20. That's a great shot, Matt. But in reality it's nothing that can't be accomplished by the Nikon 35/1.8.
    I think the message here is that both lenses are more than adequate for almost any use.
     
  21. bmm

    bmm

    I think the discussion above about bokeh is interesting and great but we also have to balance with the OP's initial comments and his needs - which relate as much to what the right focal length is for a first prime (for DX) and the quality of the in-focus area.
    To focal length, as a DX shooter as well I can tell him that 30 or 35mm is FAR more useful than 50mm due to the crop factor effect putting the latter in a bit of a 'no mans land' short tele range. So my encouragement would be for him to limit his choice to 35/1.8DX, 35/2FX or 30/1.4Sigma.
    From there it becomes a matter of judgement.
    35/2 AF-D for a small size FX-proof option at around $300 (one of my favourite lenses I might add)
    35/1.8 for cheaper DX equivalent and apparently very good optically for the price
    30/1.4 for the speed and bokeh at a price penalty and also perhaps with a need to test more carefully due to front-focus tendancy
    If I was in this poster's shoes I'd go the 35/1.8 DX. Won't break the budget, will be a good first prime, and not such a big investment as to be heartbreaking to replace if even the move to FX does occur (and in any case would be a great little DX prime to sell with the D90 when that time comes).
     
  22. I agree with Bernard as my heart (and pocket) is wanting the 35/1.8 again and it will, most likely, be the one that I'll buy. As I've said, I think no one could go wrong with getting that Nikkor. Besides, working with a 1.4 aperture might take a bit more skill and experience to get tack sharp and correctly focused photos.
    On the other hand, there's nothing to lose if I drool over images taken with the Sigma, especially when Matt is making a hobby out of posting great pictures of his dogs to make us envy. Just kidding.
     
  23. I've got nothing at all against the Nikon 35/1.8 - it's just that my radar went off when the specific issue of the bokeh seems to be playing heavily on someone's mind. No question that the D90's non-AF (while making videos) would make using f/1.4 (or even f/1.8) a challenge on close-by or moving subjects. I'm sure you'll get great results either way, and not be sorry. Mostly, just get out there and shoot!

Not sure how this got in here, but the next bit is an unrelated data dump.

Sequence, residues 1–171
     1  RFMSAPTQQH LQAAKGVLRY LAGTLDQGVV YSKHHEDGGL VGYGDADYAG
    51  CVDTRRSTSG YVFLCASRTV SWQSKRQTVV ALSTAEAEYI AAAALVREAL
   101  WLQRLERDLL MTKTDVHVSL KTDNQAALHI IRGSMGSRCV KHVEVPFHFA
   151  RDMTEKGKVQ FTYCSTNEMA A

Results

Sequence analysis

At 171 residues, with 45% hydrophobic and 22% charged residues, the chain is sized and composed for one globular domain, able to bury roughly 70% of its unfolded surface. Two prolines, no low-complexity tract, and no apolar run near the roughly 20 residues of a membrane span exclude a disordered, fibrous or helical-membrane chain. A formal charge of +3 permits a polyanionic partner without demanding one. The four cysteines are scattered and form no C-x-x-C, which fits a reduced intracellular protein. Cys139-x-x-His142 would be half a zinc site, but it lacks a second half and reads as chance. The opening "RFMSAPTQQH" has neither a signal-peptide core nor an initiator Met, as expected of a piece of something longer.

Of course, I would be remiss without posting yet another handsome, well-executed dog portrait taken with the Sigma. This one was at f/5.6, from about 18 inches. Nikon's CLS system was triggering an off-camera SB-800 strobe, but the commanding strobe's pre-exposure metering flash was close enough to the dog to get her very fast reflexes in on the action by the time the exposure actually happened. So, be amused by - or completely ignore! - the subject, but notice instead the different-looking bokeh that we're now getting from the small point light sources in the background at this tighter aperture. By the time we're at f/5.6, the hard rings that the Nikon makes will have moderated a bit, and look more like this.
    00TJoB-133471584.jpg
     
  24. I know I love my 50mm 1.4D. I wished I would have bought the G, but I am very satisfied overall. The 50mm is one lens I can safely say I will likely keep it for quite some time. I have a son that I love to take photos of and the 50mm is a perfect candid portrait lens and great in low light. The 35mm would be nice too for a more functional walk around lens depending on the type of photography you shoot. Henri Cartier-Bresson shot exclusively with a 50mm on his Leica, which is roughly equivalent to a 35mm on a DX sensor. It's hard to argue with his results.
     
  25. Doggie bokeh comparison? Happened to have this one handy....
    00TJsJ-133505584.jpg
     
  26. And crop...
    00TJsU-133507584.jpg
     
  27. In-Focus area sharp as expected...
    00TJsa-133509784.jpg
     
  28. Got anything closer to wide open, Glenn? (like that dog, by the way... cattle dog pup?)
     
  29. Well, now that I think about it, yes.
    00TJtS-133517584.jpg
     
  30. And a crop...
    00TJtU-133517684.jpg
     
  31. As a matter of fact, I even have a decent bokeh example from the 35mm f/2.0D....
    00TJtb-133519584.jpg
     
  32. And another crop...
    00TJtc-133519684.jpg
     
  33. Oh, the pup is a mix, but part cattle dog, yes - thanks for asking. My wife found him as a stray while doing some work at the Crow reservation in Montana. Personally, I'd say he won the doggie lottery.